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Sci Rep. 2012;2:606. doi: 10.1038/srep00606. Epub 2012 Aug 28.

Control of adaptive immune responses by Staphylococcus aureus through IL-10, PD-L1, and TLR2.

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  • 1Laboratory of Immunology, Division of Therapeutic Proteins, Office of Biotechnology Products, Center for Drug Evaluation and Research , Food and Drug Administration, Bethesda, MD 20892, USA.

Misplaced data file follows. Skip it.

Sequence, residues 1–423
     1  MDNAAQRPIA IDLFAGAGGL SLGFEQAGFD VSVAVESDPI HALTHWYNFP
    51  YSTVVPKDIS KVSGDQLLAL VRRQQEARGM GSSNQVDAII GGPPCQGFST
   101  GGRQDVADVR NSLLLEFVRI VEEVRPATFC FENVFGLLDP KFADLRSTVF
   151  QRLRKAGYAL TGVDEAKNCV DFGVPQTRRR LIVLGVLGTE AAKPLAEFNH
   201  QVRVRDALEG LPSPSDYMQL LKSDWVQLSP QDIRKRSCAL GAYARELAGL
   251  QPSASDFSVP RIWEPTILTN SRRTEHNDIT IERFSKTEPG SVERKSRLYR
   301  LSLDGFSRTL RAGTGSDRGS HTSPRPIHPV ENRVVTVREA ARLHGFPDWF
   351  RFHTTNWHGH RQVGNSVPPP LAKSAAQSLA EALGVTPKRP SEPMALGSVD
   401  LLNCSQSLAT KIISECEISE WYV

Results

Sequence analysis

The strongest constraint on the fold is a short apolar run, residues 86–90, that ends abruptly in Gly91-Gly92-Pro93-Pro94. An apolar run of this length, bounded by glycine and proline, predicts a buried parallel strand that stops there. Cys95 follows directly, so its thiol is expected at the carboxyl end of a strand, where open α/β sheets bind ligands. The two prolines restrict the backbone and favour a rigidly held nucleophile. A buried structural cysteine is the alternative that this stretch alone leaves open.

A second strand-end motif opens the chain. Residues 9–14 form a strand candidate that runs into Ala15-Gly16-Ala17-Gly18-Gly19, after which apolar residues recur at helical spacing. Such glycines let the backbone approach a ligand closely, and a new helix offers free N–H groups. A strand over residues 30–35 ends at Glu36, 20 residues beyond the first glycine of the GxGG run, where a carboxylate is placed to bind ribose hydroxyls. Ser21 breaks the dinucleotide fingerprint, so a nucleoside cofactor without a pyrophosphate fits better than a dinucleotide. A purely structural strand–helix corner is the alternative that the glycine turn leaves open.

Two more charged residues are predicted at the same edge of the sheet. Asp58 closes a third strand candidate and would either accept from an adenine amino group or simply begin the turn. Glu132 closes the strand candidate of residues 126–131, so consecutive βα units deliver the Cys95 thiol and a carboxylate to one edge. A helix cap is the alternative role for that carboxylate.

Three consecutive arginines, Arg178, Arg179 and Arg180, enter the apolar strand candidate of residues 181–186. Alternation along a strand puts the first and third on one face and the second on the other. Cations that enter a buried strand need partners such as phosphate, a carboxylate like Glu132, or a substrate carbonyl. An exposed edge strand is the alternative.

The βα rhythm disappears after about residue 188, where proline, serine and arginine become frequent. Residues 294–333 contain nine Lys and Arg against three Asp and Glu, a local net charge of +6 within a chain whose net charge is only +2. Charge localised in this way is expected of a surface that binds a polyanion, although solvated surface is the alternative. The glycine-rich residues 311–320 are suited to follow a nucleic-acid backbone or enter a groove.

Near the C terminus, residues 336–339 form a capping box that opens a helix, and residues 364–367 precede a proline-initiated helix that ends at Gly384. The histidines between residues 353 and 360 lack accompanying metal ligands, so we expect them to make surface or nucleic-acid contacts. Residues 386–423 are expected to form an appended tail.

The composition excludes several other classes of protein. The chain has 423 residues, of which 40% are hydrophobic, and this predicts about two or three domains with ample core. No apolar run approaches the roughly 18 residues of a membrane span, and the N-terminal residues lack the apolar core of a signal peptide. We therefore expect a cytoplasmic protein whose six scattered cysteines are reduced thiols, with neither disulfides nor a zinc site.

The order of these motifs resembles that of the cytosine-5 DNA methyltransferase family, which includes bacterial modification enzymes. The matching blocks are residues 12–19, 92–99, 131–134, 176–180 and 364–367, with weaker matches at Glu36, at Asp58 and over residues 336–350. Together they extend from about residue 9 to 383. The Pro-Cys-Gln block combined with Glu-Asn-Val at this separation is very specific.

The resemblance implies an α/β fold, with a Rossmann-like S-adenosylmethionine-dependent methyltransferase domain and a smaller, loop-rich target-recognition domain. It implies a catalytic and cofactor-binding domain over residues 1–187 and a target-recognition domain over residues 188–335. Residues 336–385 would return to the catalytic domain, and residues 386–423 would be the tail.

Microbes induce innate immune responses in hosts. It is critical to know how different microbes control adaptive responses through innate pathways. The impact of gram-positive bacteria on the innate and adaptive responses is unclear. Herein we report that Staphylococcus aureus induces IL-10, Th17-inducing cytokines IL-6 and IL-23, chemokines, and regulates dendritic cell markers. S. aureus inhibits T-cell IL-2 responses through modulation of HLA-DR, CD86 and PD-L1. IFN-gamma, Src kinase inhibitors, or TLR2 antibodies prevented the down-modulation of HLA-DR by S. aureus. Our data demonstrate that innate TLR signaling induces multi-dimensional inhibition of adaptive immune responses, which may contribute to the lack of protective immunity to bacteria or microbe tolerance. IL-10 and PD-L1 antagonists may boost immunity to vaccines for S. aureus and other microbes.

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